Recent Reads: “The Silmarillion” by J.R.R. Tolkien

Silmarillion cover

The Silmarillion
J.R.R. Tolkien
442 pages


The story of the creation of the world and of the First Age, this is the ancient drama to which the characters in The Lord of the Rings look back and in whose events some of them, such as Elrond and Galadriel, took part. The three Silmarils were jewels created by Fëanor, most gifted of the Elves. Within them was imprisoned the Light of the Two Trees of Valinor before the Trees themselves were destroyed by Morgoth, the first Dark Lord. Thereafter, the unsullied Light of Valinor lived on only in the Silmarils, but they were seized by Morgoth and set in his crown, which was guarded in the impenetrable fortress of Angband in the north of Middle-earth. The Silmarillion is the history of the rebellion of Fëanor and his kindred against the gods, their exile from Valinor and return to Middle-earth, and their war, hopeless despite all their heroism, against the great Enemy.

Rating:  3 / 5

How does one begin a review on a tome that Tolkienites call “the Bible of Middle-Earth”? The only way might be to nod in agreement. Even knowing how The Silmarillion was different from The Hobbit and The Lord Of The Rings Trilogy, and reading it slowly as a result, didn’t quite prepare me for the demands this book would place on me as a reader. However, J.R.R. Tolkien was the author who opened the gates of fantasy literature for me, and I intend to read anything he’s ever written about Middle-Earth. So I dutifully plowed through The Silmarillion and came away with wide-eyed bewilderment and a greater respect from Tolkien’s work.

For those of you who haven’t read The Silmarillion: This is not a novel. Rather, it’s a cross between a short story collection and an encyclopedia on a fictional world. The tales that comprise The Silmarillion recount the early days of Middle-Earth, from the birth of the Elves, to the rise of Morgoth and his loyal servant Sauron, to the coming of Men and Dwarves, and much more in between. One of the common threads is the Silmarils, a trio of jewels created by the Elf Fëanor and later stolen by Morgoth. This led to the first wars between the Dark Lord and the peoples of Middle-Earth, as well as conflicts within the Elvish race and between their Men and Dwarf neighbors. You’ll find betrayals and romance, slayings and torture, friendships and alliances, sibling rivalries and dysfunctional families – and a dragon or two for good measure. This might sound like a summary for any book from the Song Of Fire And Ice Saga. However, this is Tolkien and Middle-Earth, not George R.R. Martin and Westeros. Meaning that while Tolkien doesn’t shy away from those topics, he handles them carefully and in the unadorned writing style that trademarks his other works.

So much happens in The Silmarillion that it’s impossible to discuss actual plots, characters, and so forth without repeating the entire book. If I had to choose my favorite tales, I’d say “Ainulindalë” (“The Music of the Ainur”), “Valaquenta” (an explanation of who the Ainur were), and “Of Beren and Luthien.” All three contain some of the most exquisitely written passages I’ve ever read by Tolkien. “Ainulindalë” in particular is an origin story, relating the birth of the eternal spirits known as the Ainur and how they created music together before they were granted permission to enter and govern the world that eventually became Middle-Earth. It’s difficult to describe in more detail, but the idea behind it was beautifully executed. “Of Tuor and the Fall of Gondolin” and “Of the Voyage of Eärendil and the War of Wrath” were also quite memorable, and two of The Silmarillion‘s more tragic tales.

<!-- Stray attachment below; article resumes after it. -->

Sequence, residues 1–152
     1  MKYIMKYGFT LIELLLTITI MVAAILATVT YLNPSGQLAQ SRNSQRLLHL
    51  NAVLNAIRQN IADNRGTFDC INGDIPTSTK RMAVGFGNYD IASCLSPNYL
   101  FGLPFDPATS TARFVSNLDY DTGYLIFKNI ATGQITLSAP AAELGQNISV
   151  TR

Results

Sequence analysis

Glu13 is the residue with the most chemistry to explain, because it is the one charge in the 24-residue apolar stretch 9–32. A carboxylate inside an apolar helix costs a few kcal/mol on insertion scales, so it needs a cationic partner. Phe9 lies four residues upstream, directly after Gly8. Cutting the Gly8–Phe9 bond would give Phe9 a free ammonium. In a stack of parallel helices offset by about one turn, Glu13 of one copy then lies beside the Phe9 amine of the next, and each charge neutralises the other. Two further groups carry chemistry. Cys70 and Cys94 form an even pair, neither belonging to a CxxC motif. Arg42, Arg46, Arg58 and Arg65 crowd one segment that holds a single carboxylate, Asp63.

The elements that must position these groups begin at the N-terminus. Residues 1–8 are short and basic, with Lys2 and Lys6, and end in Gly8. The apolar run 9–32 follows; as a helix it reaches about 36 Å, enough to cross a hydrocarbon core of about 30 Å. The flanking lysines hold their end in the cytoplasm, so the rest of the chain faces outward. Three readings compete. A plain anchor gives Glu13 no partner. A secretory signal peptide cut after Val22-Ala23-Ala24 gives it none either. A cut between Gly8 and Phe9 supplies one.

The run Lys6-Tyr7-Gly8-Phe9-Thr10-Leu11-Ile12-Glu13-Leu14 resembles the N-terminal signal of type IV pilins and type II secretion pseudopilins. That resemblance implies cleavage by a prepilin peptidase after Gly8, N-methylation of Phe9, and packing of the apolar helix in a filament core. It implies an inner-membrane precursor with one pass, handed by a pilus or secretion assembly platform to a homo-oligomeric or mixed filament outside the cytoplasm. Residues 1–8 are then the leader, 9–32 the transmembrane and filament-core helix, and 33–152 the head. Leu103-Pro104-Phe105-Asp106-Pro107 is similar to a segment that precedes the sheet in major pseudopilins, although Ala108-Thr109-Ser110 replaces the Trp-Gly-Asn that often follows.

It’s worth noting that “Of Túrin Turambar” is an abbreviated version of the the novel-length The Children of Húrin. I read that book a couple years ago, but wasn’t aware it would pop up in The Silmarillion until I checked the Table of Contents. Not that I minded; reading The Silmarillion‘s version refreshed my memory on the story of Túrin, his younger sister Nienor, and the curse Morgoth cast on them after capturing their father Húrin. Also, even though The Silmarillion (or the copy I have of it) is almost 450 pages long, the final tale ends on Page 366. The remaining pages are family trees, maps, pronunciation guides, and an index of all the character and location names that appear during The Silmarillion. These extras – especially the maps and the Index of Names – were quite helpful as I read the book.

I was advised to read The Silmarillion slowly, and in hindsight I’m grateful for that advice. This isn’t a massive book in terms of page count, but the number of characters, places, conflicts, and so on is staggering. Reading one tale per sit-down helped me digest everything gradually without getting overwhelmed. After a while, though, it became a real challenge to remember who everyone was and what they had done in the past. This is where the Index of Names came in handy.

One thing I always have to remember when reading Tolkien is his writing style. It tends to be simple and dry, emphasizing narrative over expressiveness or emotion (with some exceptions). That kind of writing was acceptable by publishing standards back in Tolkien’s days. I personally have a harder time enjoying that style, though it hasn’t prevented me from loving The Hobbit and The Lord of the Rings. But with The Silmarillion, I often felt like I was reading a history textbook. Which The Silmarillion sort of is, but it made my experience more of an obligation than a pleasurable ride. Struggling to keep characters’ names and roles in early Middle-Earth straight only compounded the problem further. I’m not sure how else to explain this, especially since I knew The Silmarillion had a different purpose from his more traditional stories… But I didn’t come away loving this book as other Tolkien enthusiasts have.

Maybe this is the best way to summarize my feelings about The Silmarillion: While Tolkien may not be my favorite writer in terms of his style of writing, I now have a deeper appreciation for his imagination and the depth of his world-building. He created for Middle-Earth a history as rich, layered, and turbulent as our own. That’s what makes it so believable, and such an accomplishment. That said, I’d only recommend The Silmarillion to die-hard Tolkien fans, or anyone who truly wants to know everything about Middle-Earth. This is a dense and demanding read that requires patience and the right mindset.